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Are Central Banks Creating Deflation?

Last week we noted that with the start of Q€ just around the corner, the ECB finds itself in a rather absurd situation. In what we called the ultimate easy money paradox (or, alternatively, the ultimate Keynesian boondoggle), Mario Draghi and crew are doomed to trip over their own policies as they (literally) attempt to monetize twice the net supply of eurozone fixed income this year. 

The problem is two-fold: 1) the central bank’s adventures in NIRP-dom mean anyone willing to sell their EGBs would face the truly silly prospect of sending the proceeds right back where they came from, except at a cost of 20 bps (negative deposit facility rate), and 2) because the central bank’s easy money policies have compressed credit spreads, sellers who wanted to reinvest the cash they would theoretically receive for their EGBs would have to do so at ridiculously low rates, a scenario that would compound QE’s already negative effect on NIM for banks and would be absolutely untenable for insurers. So what we have “is one deflation-fighting policy stymying another [and] the central bank’s previous efforts to drive down rates thwarting its current plans to … drive down rates.” 

Now, courtesy of Citi’s Matt King, it’s our distinct pleasure to present yet another wonderfully ridiculous paradox inadvertently created by central banks who apparently aren’t capable of understanding when they’re just pushing on a string: manufactured deflation or, more poignantly, just what the doctor did not order. Here’s Citi: 

It’s that linkage between investment (or the lack of it) and all the stimulus which we find so disturbing. If the first $5tn of global QE, which saw corporate bond yields in both $ and € fall to all-time lows, didn’t prompt a wave of investment, what do we think a sixth trillion is going to do?


Another client put it more strongly still. “By lowering the cost of borrowing, QE has lowered the risk of default. This has led to overcapacity (see highly leveraged shale companies). Overcapacity leads to deflation. With QE, are central banks manufacturing what they are trying to defeat?”

Ultimately, the question is whether the ceaseless printing of money is actually creating any demand, and for King, the answer is pretty clearly “no”: 

QE, and stimulus generally, is supposed to create new demand, improving capacity utilization, not reducing it. But ... it feels ever more as though central bank easing is just shifting demand from one place to another, not augmenting it. 

This point is nicely illustrated by Citi in the following two charts (from a previous note) showing the evolution of inflation expectations over the last several years:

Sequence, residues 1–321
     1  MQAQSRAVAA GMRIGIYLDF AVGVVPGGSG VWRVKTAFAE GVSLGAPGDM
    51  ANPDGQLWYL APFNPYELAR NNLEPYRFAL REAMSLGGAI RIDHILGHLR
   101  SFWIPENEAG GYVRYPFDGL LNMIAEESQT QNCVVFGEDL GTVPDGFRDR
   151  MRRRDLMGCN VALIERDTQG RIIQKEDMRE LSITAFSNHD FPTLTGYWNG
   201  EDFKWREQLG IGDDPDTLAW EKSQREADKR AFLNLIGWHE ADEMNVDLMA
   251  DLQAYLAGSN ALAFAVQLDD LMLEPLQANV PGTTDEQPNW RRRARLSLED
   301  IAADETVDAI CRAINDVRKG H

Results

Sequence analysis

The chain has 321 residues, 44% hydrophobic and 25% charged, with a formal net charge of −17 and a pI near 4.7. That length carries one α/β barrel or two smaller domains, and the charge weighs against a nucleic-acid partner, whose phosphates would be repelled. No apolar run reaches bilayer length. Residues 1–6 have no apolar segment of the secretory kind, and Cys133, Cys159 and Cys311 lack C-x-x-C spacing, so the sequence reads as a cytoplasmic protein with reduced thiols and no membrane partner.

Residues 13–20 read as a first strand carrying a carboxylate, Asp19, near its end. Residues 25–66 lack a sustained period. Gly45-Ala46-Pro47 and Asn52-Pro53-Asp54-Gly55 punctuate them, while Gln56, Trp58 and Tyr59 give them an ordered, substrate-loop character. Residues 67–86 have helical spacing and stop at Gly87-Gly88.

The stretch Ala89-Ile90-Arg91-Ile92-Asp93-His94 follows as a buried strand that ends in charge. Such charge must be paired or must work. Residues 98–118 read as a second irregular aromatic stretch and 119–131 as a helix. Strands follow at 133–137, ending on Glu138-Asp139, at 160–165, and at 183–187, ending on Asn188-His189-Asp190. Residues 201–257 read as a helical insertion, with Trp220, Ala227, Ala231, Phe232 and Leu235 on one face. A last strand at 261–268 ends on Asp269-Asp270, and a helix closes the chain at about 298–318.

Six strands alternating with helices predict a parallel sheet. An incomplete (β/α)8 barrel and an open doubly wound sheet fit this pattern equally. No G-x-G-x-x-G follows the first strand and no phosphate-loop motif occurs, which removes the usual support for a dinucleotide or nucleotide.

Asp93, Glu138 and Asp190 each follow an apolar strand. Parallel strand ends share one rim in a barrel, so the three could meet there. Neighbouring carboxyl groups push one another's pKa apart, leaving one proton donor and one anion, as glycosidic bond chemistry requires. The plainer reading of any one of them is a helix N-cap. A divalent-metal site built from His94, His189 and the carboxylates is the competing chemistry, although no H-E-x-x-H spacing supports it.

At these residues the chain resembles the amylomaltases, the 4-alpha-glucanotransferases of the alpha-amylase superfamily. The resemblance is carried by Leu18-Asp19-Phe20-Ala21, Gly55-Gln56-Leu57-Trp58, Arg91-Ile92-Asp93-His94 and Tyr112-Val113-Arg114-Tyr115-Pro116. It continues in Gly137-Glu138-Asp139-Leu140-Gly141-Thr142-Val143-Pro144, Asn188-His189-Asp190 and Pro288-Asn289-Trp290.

And so, stuck as we are in what looks like a chronic condition of oversupply and as it increasingly appears, in King’s words, that “the decoupling between EM GDP growth and global trade growth over the past decade [now looks] less like a benign shift away from exports to domestic consumption, and more like a world where GDP was temporarily boosted by a surge in credit, where suppliers ramped up capacity in anticipation of 10% nominal EM/Chinese demand growth continuing indefinitely, but where the limits of such credit-fuelled demand are suddenly being exposed,” more QE simply won’t move inflation expectations and certainly can’t do much to further stimulate aggregate demand (assuming it’s done anything in that regard thus far).

In other words, we’ve reached the limit of what can be accomplished and with NIRP creating new market perversions on an almost daily basis, the unintended consequences of continuing to delve deeper into the new paranormal are making the game ever more dangerous as we now have central banks accidentally creating deflation while simultaneously embedding enormous amounts of risk in fixed income markets by sapping every last vestige of liquidity.

Soon enough, expect the rest of the world’s central banks to one by one meet their own Waterloos just as the SNB did in January. In fact, the ECB is on its way there now as it appears everyone is coming to realize that Q€ simply cannot work as designed. On that note, we’ll give the last (rather depressing) word to King: 

By definition, races to the bottom are not very positive affairs. And as the sell-off in commodities shows, at some point they can lead to casualties. But the lower yields go, the longer even previously unsustainable debt burdens can be sustained – just look at Japan. Competitive easing may do little to improve long-term growth prospects, but it should make the hunt for yield more powerful still. Even if QE does prove deflationary, until we start running into actual defaults, it is hard to see what stops this.